Only the parasites seemed to live there in a sinuous rush upwards into the air and sunshine, feeding on the dead and the dying alike, and crowning their victims with pink and blue flowers that gleamed amongst the boughs, incongruous and cruel, like a strident and mocking note in the solemn harmony of the doomed trees.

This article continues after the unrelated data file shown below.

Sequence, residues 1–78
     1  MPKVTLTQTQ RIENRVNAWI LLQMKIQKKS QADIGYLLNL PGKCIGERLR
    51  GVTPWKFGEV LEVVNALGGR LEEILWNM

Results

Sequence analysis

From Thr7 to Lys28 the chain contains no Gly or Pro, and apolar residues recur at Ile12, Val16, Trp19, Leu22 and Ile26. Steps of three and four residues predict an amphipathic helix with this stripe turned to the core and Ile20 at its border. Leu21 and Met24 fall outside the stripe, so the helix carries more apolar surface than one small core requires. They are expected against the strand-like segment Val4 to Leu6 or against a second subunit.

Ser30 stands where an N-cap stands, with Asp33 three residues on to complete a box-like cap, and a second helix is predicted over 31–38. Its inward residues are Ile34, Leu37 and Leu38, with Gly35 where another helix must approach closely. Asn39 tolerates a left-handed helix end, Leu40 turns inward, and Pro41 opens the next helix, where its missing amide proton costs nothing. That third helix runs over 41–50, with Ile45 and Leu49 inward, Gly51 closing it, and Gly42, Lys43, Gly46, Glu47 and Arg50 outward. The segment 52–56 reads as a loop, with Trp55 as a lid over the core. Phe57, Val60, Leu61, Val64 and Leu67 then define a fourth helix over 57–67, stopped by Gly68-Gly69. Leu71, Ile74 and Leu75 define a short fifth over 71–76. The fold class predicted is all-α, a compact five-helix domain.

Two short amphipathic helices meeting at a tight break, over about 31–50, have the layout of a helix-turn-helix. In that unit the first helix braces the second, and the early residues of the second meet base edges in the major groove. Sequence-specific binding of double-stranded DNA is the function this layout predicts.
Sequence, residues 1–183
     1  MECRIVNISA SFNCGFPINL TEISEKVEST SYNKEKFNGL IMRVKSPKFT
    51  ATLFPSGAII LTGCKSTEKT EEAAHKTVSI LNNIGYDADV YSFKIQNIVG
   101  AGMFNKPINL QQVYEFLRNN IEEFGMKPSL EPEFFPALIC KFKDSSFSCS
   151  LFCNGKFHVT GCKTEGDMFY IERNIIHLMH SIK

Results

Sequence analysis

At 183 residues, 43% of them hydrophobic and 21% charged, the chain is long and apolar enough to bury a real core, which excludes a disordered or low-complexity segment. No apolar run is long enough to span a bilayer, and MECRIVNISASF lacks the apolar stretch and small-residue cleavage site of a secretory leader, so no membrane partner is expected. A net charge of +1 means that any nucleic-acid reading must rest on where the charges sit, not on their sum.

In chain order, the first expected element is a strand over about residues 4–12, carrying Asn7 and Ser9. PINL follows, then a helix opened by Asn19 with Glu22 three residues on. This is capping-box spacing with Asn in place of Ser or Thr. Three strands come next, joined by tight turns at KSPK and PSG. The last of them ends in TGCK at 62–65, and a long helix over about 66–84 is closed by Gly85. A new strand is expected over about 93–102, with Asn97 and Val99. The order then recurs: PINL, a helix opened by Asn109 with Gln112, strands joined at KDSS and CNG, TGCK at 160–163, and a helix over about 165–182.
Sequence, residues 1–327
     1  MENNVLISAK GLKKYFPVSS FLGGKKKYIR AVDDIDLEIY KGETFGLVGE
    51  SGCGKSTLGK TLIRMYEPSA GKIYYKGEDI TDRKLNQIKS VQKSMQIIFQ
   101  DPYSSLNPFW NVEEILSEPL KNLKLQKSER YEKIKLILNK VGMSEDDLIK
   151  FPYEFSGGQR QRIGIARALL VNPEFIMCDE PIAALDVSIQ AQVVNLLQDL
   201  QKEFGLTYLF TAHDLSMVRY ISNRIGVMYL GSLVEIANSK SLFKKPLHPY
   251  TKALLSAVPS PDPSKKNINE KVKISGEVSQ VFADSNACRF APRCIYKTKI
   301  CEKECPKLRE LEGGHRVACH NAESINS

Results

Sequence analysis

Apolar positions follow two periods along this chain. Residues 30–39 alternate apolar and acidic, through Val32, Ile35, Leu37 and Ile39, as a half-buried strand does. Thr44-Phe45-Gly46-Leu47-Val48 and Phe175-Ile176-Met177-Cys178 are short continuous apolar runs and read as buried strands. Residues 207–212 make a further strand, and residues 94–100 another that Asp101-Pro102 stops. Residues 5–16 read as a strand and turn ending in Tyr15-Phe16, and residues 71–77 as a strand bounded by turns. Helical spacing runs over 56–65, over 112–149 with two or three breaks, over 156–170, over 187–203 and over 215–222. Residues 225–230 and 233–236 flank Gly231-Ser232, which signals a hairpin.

-- Joseph Conrad, Almayer's Folly, 1895
Malka's voice became more strident than ever. She had been anxious to make a species of vicarious reparation to her first husband, and the failure of Milly to acquiesce in the arrangement was a source of real vexation.
-- Israel Zangwill, Children of the Ghetto: A Study of a Peculiar People, 1892
Strident entered English in the mid-1600s from the Latin strīdēre meaning "to make a harsh noise."